Who Needs Bus Driver Certification?

By Dr. Carol Simpson, Of Counsel

Eichelbaum Wardell Hansen Powell & Mehl, P.C.

Texas Education Code § 34.007 allows (but does not require) a district to operate “an economical public school transportation system.”  That same section requires that all bus drivers must be certified in accordance with Texas Department of Public Safety rules.  Employees who drive regular bus routes must be certified by the DPS or be currently enrolled in an approved school bus safety education course.  Tex. Transp. Code § 521.022(e).  Because some employees who are not regular bus route drivers, especially extra-curricular coaches, must sometimes transport students, it is important to know if they must also hold school bus driver certification. The answer to the question is found by a combination of the Texas Transportation Code and the Texas Administrative Code.

Title 37 of the Texas Administrative Code defines the three types of buses that must be driven by someone with school bus certification:

Multifunction school activity bus--A motor vehicle that . . . [does not] display alternately flashing red lights and [nor is it] equipped with movable stop arms, and that is used to transport pre-primary, primary, or secondary students on a school-related activity trip other than on routes to and from school. The term does not include a school bus, a school activity bus, a school-chartered bus, or a bus operated by a mass transit authority.

 School activity bus--A bus designed to accommodate more than 15 passengers, including the operator, . . . and that is used to transport public school students on a school-related activity trip, other than on routes to and from school. The term does not include a chartered bus, a bus operated by a mass transit authority, a school bus, or a multifunction school activity bus.

 School bus--A motor vehicle that . . . [displays alternately flashing red lights and has movable stop arms] and is used to transport pre-primary, primary, or secondary students on a route to or from school or on a school-related activity trip other than on routes to and from school. The term does not include a school-chartered bus or a bus operated by a mass transit authority.

37 Tex. Admin. Code § 14.1(7-9) (emphasis added).  Neither the definition of Multifunction school activity bus nor School bus mentions how many students the bus can hold, so either of those could be of very small capacity, i.e. <15 passengers including the driver.  Note also that only the definition of a School bus mandates flashing lights and a stop arm.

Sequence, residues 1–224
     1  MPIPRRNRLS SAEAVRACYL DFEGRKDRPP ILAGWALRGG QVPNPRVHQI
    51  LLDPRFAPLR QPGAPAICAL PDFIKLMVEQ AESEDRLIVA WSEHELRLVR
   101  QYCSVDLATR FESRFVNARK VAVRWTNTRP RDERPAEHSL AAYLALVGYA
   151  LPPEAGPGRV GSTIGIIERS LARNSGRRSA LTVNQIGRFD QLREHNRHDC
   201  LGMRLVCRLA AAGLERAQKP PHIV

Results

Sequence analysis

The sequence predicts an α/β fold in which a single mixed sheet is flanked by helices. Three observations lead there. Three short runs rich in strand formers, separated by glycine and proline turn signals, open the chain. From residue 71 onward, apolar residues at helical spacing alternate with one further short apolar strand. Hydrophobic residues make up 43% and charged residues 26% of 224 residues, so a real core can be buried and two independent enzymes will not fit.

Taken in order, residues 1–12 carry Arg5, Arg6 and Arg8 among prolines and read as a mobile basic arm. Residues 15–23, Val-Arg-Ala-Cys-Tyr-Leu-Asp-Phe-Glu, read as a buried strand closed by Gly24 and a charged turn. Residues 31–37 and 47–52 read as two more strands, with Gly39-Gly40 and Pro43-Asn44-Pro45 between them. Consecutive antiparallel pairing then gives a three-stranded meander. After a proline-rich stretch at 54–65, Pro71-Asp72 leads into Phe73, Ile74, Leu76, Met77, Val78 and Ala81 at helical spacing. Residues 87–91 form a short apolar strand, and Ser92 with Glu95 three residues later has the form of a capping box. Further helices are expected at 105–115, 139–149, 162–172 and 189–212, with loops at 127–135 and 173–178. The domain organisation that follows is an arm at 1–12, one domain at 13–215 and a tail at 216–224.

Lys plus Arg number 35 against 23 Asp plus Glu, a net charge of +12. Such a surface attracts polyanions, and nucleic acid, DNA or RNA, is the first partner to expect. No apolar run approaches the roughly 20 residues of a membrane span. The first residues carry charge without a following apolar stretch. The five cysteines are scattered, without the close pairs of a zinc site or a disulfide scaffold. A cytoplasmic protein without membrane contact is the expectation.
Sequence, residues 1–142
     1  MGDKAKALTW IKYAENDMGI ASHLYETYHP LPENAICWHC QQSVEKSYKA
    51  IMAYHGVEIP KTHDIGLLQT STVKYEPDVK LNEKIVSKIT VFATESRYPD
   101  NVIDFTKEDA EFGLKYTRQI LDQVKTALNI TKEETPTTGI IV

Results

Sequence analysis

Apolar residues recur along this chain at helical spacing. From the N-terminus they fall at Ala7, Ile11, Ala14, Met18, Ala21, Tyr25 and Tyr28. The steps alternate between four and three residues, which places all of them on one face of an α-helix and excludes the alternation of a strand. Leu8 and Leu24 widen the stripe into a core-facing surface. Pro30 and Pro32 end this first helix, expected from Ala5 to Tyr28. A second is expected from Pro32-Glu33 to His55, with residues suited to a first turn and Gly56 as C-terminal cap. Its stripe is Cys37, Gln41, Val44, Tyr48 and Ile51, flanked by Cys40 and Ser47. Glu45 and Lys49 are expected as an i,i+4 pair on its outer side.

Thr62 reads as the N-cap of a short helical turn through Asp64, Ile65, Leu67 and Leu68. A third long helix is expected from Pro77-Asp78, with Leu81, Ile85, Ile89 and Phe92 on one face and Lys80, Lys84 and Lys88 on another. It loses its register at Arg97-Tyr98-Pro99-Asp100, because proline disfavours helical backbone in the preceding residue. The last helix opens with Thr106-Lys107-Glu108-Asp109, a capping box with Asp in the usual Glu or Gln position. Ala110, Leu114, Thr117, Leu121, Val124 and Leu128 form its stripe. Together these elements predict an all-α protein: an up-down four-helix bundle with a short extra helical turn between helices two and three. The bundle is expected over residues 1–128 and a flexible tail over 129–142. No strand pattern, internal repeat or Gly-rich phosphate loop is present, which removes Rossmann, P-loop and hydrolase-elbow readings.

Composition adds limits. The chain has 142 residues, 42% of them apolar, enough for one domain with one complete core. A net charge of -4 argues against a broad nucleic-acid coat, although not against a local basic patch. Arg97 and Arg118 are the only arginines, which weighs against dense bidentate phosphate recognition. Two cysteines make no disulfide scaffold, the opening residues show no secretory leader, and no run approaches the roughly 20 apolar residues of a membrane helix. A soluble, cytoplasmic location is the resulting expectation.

The same section of the Administrative Code defines a school bus driver:

School bus driver--A driver transporting school children and/or school personnel on routes to and from school or on a school-related activity trip while operating a multifunction school activity bus, school activity bus, or school bus.  37 Tex. Admin. Code § 14.1(10).

The difference between the three bus definitions is highlighted in the chart below that includes for comparison an SUV-type vehicle such as a Suburban or Expedition. The Texas standards for the four configurations of school buses (types A,B,C, and D) may be found here: https://texreg.sos.state.tx.us/fids/201803019-1.pdf.  A Multifunction activity bus is usually shaped like a regular school bus (one of the many configurations and profiles).  They are NOT school bus yellow, and are usually white, or painted the school’s colors.  The School activity bus doesn’t look like a school bus; it may look like a Greyhound bus or a city transit bus.  

Flashing lights and stop arm

Regular routes to and from school

School-related activity trip

National School Bus Yellow?

Driver certification?

Multifunction activity bus

No

No

Yes

No, prohibited

Yes

School activity bus

No

No

Yes

No rule

Yes

School bus

Yes

Yes

Yes

Required

Yes

SUV < 15 passengers incl. driver

No

No

Yes

No rule

No

But back to coaches driving buses.  Some districts require all coaches to have bus driver certification.  In that event, the coach can drive whatever vehicle is available to transport the team.  Some districts, however, rely on coaches to drive only vehicles that do not require school bus driver certification, such as SUVs.  In such a case, the coach cannot drive a school bus with a capacity of under 15 passengers, also known as a “short bus,” if that bus is used to drive bus routes.  If the coach is going to drive a team of 13 or fewer participants, the coach will have to drive an SUV-type vehicle owned by the school. That type of vehicle will be the only “bus” that a coach without bus driver certification can drive.

 

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